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Tina Satter Talks Half Straddle and Ghost Rings

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Tina Satter Talks Half Straddle and <i>Ghost Rings</i>

Tina Satter never takes a break. The founder and artistic director of the Obie-winning Brooklyn ensemble Half Straddle has been producing and directing her plays in New York since the company’s inception in 2008 earning an Obie and being named one of Time Out New York’s “Off-Off Broadway Innovators to Watch” in the process. If the company has a house style, its a signature mix of theatre, performance art, music and video, although the most significant unifying feature of Half Straddle’s work is the unmistakable presence of Satter’s voice itself. Her work has been presented around the world in addition to becoming a downtown theatre staple.

We caught up with Tina in advance of Half Straddle’s upcoming production of her theatrical song-cycle Ghost Rings at American Realness to talk about the show, ensemble work, Mac Wellman, sisterhood and more.

Paste: Let’s start off with a little backstory. How did you start writing plays?

Satter: I started writing plays when I lived in Portland, Oregon in my late twenties, in a period of time when I briefly tried to be an actor, but was not very good. I was cast in this very cool company that’s still in Portland called Imago Theatre. I had been in the world, so I had attended theatre, and I had been in this [extracurricular] company in high school, but it wasn’t something that I at all took seriously, like, “I am going to make theatre.”

So I see [Imago] writing and directing some of their own work… And the two people who ran that company were very into the Wooster Group, Richard Foreman and Richard Maxwell, who was then sort of a newer playwright. So I learned about these particular artists from them, and they then became very intriguing to me. I would see videos and started reading Foreman’s book and some of Richard Maxwell’s plays and I was like, “as art this is interesting to me.” As a way of processing what’s going on, making this live stuff that’s script based, this was very exciting to me. And right about then I started graduate school at Reed College; it sort of dovetailed that I started taking theatre classes. I took a directing class, and I wanted to write my own thing for my thesis.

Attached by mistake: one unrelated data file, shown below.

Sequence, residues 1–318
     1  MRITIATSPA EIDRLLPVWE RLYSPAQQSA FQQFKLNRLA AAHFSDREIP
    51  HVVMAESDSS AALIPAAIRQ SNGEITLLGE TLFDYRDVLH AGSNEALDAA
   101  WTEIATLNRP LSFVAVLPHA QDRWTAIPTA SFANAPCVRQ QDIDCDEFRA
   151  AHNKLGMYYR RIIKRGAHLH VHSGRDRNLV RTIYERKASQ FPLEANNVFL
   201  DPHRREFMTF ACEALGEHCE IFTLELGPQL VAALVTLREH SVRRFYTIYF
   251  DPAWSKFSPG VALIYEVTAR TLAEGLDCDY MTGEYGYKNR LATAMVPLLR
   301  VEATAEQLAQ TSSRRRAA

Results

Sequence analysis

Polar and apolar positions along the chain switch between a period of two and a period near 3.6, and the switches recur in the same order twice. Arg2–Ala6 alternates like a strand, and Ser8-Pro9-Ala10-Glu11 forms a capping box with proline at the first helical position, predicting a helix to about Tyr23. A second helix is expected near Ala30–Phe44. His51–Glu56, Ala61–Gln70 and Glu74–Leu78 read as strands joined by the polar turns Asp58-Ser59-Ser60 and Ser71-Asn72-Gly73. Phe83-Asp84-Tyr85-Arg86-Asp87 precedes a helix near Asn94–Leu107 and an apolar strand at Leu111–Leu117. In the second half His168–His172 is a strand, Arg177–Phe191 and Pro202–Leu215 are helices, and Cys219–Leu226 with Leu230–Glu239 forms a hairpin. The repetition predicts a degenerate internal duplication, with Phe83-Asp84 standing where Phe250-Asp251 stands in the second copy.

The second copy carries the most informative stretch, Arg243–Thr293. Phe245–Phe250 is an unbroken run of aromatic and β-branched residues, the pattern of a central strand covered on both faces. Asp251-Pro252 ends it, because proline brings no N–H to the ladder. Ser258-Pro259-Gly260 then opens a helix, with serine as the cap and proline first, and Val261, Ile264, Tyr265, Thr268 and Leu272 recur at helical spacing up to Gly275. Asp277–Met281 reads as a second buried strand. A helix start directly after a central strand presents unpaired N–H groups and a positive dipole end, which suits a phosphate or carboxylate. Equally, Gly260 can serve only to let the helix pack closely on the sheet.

So, then I was “in it” in this weirdly naive way. And it never occurred to me that I wouldn’t write what I would direct, or vice versa.

Paste: It was your thing, so why wouldn’t you do all of it.

Satter: Absolutely. And I had the typical push back early on from a professor at Reed who said, “you don’t want to do that, it’s too close to the bone.” But I was really confused because I felt I knew exactly how it should look. And feel.

Paste: So then how did that lead to you studying at Brooklyn College, where I assume you did not get that same pushback?

Satter: No, no. At some time in Portland I heard of Mac Wellman, the amazing, amazing sage and playwright who runs the Brooklyn College program. After I left Portland, I moved to New York, and I had one friend in New York from Portland who was an intern for Richard Foreman. And he would tell me what I needed to see—it was mostly downtown work, that would throw beer cans at you, and throw chicken wings at the audience. It was really cool. It was this little circuit of things that were mostly downtown, and I kept seeing Brooklyn College in people’s bios. And Young Jean Lee was just starting—this was a couple years into her career—and she was at, or had attended, Brooklyn College. So I applied.

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